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Using Ledger Nano S to protect the SSH session to the Raspberry Pi 4b with LOC staking wallet

In this article we will make a setup that will allow to use Ledger Nano S to generate a pair of keys and use it to protect the SSH session to the LOC staking Raspberry Pi.

It is important to understand that the Ledger Nano S will protect the login to the remote SSH session, so you will be sure no hacker with a keylogger can grab (steal) your password and then use it to access your staking Pi remotely. Very often the reason for hacks is that the password has been "leaked" because of some silly mistake the user did. Using Ledger Nano S gives excellent protection against such mistakes too.

To fully protect your staking Pi however you have to read and understand the first three articles in my Guide to staking LOCs on Raspberry Pi 4b, then use the knowledge in this following article to elevate security to a next level.

Let's begin with a diagram showing the LAN setup to use the Ledger Nano S.  We need an extra Raspberry Pi (a Pi3b+ does an excellent job) to use it as a Gate to the LOC staking Pi. The Gate "pi@Lock" is connected to a monitor and to a keyboard/mouse. When all is set up the staking Pi should have a firewall configured to allow SSH access only from the IP address of the Gate Pi. Note that instead of the extra Raspberry Pi you can use any Linux or Mac machine as the Gate (the Remote machine). Here is the diagram:




Steps to set up the software on the Gate Pi, Staking Pi and Ledger Nano S


1. Make sure you have Python 3 and pip3 running on your Remote machine "pi@Lock" (

pi@Lock:~ $ which python3

you should see returned this:



pi@Lock:~ $ which pip3

should return this:



2. To have the command line tools communicate with Ledger Nano S, you also need libusb to be installed

Check if you already have libusb installed:

pi@Lock:~ $ ldconfig -p | grep libusb

If you have libusb installed you should be seeing this: (libc6,hard-sudfloat) => /usr/lib/arm-linux-gnueabihf/ (libc6,hard-float) => /lib/arm-linux-gnueabihf/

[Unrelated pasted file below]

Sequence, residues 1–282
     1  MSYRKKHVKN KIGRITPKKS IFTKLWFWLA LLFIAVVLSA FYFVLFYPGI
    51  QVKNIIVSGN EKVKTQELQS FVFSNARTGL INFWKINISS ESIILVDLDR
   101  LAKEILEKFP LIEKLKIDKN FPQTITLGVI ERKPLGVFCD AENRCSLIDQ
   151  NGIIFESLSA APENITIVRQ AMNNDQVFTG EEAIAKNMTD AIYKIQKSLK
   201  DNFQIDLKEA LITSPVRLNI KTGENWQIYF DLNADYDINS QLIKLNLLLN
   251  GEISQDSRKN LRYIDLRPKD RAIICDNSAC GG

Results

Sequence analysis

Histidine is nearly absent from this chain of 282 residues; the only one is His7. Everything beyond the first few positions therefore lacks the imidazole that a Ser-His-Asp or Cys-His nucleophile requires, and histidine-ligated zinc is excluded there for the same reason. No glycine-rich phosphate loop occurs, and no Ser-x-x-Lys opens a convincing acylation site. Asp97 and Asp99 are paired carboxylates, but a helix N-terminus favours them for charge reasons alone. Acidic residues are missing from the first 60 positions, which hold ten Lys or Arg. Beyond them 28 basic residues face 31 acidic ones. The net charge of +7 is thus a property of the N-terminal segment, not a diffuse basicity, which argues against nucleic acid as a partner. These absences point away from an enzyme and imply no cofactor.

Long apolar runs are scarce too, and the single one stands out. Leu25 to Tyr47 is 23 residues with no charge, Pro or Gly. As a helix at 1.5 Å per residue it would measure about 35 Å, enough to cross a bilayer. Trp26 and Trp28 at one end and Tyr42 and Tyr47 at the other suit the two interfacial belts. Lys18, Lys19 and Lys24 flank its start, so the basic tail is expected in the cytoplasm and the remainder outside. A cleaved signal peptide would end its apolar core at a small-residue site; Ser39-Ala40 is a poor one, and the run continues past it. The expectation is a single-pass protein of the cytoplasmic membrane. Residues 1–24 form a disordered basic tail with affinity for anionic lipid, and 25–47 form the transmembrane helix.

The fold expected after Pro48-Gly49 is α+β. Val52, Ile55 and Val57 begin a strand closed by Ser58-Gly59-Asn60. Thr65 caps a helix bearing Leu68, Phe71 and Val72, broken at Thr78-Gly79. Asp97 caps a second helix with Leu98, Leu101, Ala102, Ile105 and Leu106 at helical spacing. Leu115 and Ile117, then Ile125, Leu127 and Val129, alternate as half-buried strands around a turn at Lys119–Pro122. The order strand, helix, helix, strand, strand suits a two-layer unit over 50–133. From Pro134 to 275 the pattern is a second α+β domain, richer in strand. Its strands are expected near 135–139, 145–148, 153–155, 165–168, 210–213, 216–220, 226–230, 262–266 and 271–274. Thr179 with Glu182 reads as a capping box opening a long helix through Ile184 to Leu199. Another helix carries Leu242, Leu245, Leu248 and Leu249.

If installed already, as checked above, skip this step, otherwise install libusb:

pi@Lock:~ $ sudo apt install libffi-dev
pi@Lock:~ $ pip3 install cffi and pi@Lock:~ $ pip3 install libusb


3. Install Ledger Agent on the Remote machine

pi@Lock:~ $ pip3 install ledger_agent


4. Verify folders where Ledger Agent has been installed

pi@Lock:~ $ pip3 uninstall ledger_agent

Uninstalling ledger-agent-0.9.0:
Proceed (y/n)?n

Reply "no", as we are just using this to verify the Ledger Agent is installed, not to uninstall it.


5. Run this command to add udev-rules:

pi@Lock:~ $ wget -q -O - | sudo bash


6. Install the SSH/PGP Agent app on Ledger Nano S from Ledger Live

Turn on Developer mode in Ledger Live: Settings > Experimental features > Developer mode. Then you will find and be able to download from Ledger Live the SSH/PGP Agent app on your Ledger Nano S.


7. Generate your first SSH Key with the Ledger Nano S on your Remote machine using Ledger Agent

Plug and unlock your Ledger Nano S. Scroll through the applications, and select SSH/GPG Agent pressing both Ledger Nano S buttons. Once the app has launched, your Ledger Nano S should display "Application is ready".

Switch back to your terminal, and run:

pi@Lock:~ $ /home/pi/.local/bin/ledger-agent pi@Lock

Accept on Ledger Nano S. Now you have generated the SSH public key for the Protected machine "pi@Wallet-D" and it is displayed in the terminal:

ecdsa-sha2-nistp256 AAAAE2VjZHNhLXNoYTItbmlzdHAyNTYAAAAIbmlzdHAyNTYAAABBBAQgjkaovZjENezel

5Md604dcUypaOFuX6L8r5xrkyubLtOJZAEL3aSoJ/HyQGx2M+6JKr/Ih6Mx4DaFuNDhCyo= <ssh://pi@Lock|nist256p1>


8. Copy-paste the whole string onto the Protected machine "pi@Wallet-D" ( into ~/.ssh/authorized_keys file